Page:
Why We Are No Better Than The Woman We Sought Hell For
On the surface, you'd probably have read a couple of Facebook articles or seen personal videos of the victim herself, and formulated your opinions. However, this issue isn't all that straightforward. The murder of Qandeel Baloch is far from the surface. It is a problem that lies deep within the mindset and misplaced moral outage of this country and its people.
It's amazing how we have become our own Gods. Judging people for their actions, declaring sins, justifying ridicule, and then grieving an individual after proudly threatening them. What did you expect was going to happen? That anyone would take her safety seriously after the way you made a mockery out of her well being? While you sit on your moral high ground amongst your social round table conferences, discussing and delivering your self proclaimed holy sermons, a woman was killed for acting out against the norms of society, for simply choosing to be herself. Her real, bold, raw self. A self that ironically threatened a country filled with thieves, murderers, rapists and corrupt politicians. The problem starts with us.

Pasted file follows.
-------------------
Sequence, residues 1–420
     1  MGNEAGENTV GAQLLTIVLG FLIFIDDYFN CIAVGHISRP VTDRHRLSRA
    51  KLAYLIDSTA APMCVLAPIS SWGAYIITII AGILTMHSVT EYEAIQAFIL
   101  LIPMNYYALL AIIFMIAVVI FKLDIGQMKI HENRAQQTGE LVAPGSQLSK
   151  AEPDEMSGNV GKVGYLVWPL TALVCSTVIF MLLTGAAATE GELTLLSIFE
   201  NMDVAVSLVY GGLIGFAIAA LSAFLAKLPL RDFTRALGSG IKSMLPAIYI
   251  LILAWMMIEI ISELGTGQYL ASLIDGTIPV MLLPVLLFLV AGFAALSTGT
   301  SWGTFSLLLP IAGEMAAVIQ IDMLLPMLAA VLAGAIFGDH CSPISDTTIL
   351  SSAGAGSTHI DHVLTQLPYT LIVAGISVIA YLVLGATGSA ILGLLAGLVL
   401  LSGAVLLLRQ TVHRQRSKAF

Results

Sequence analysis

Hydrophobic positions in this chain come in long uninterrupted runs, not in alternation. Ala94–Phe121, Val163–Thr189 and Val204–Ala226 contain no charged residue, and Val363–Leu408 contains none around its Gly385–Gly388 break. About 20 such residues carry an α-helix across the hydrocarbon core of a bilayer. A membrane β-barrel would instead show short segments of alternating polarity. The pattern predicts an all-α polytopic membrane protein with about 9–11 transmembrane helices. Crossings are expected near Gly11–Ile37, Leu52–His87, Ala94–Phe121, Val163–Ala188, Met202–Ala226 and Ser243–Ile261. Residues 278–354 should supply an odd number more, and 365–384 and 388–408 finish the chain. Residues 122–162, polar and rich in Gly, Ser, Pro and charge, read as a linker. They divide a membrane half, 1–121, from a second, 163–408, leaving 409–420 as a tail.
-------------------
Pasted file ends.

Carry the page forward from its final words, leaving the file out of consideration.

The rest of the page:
Ultimately, Qandeel Baloch paid the price for being a woman. We can factor out and branch all the reasoning in the world, but that was simply it. Blaming a female victim for being killed by her actions stems from the deepest roots of misogyny. Nobody asks to be killed, especially not via the amount of clothes she chooses to wear, the people she chooses to associate with, or the actions she publicises. It is the audience that deciphers these things and to think of how much power the audience of Pakistan holds is beyond comprehension. To say she deserved death or should have 'seen it coming,' is to say that men are murderers in their natural state, following what we must do to abstain from being killed. Straying from that path of holy righteousness must mean that we are deserving of ill-treatment that we are deserving of death. A murderer has been honoured in his household, more than the sister he killed with his own bare hands.
Some of you are most likely questioning the usefulness of the extensive Facebook rants that you see being shared like an outpour on your timeline. But, please don't underestimate the power of spoken word sentiments. Continue writing, speaking, thinking critically. Defend the right causes. Enlighten others. Be, as fierce and as unapologetically yourself.
Qandeel Baloch rose to fame because she did what most people are afraid to do: She stood firm in the face of adversity, through what society demonised her for. Let's not give up on the youth of Pakistan. There's always room for change and I believe we have the power to be that change. Let's destroy the notion that we cannot be ourselves - That Pakistan is not us. It is each and every one of us.
Disclaimer: The opinion, belief and viewpoints expressed by this author do not necessarily reflect the opinion, belief and viewpoints of Hello! Pakistan or official policies of Hello! Pakistan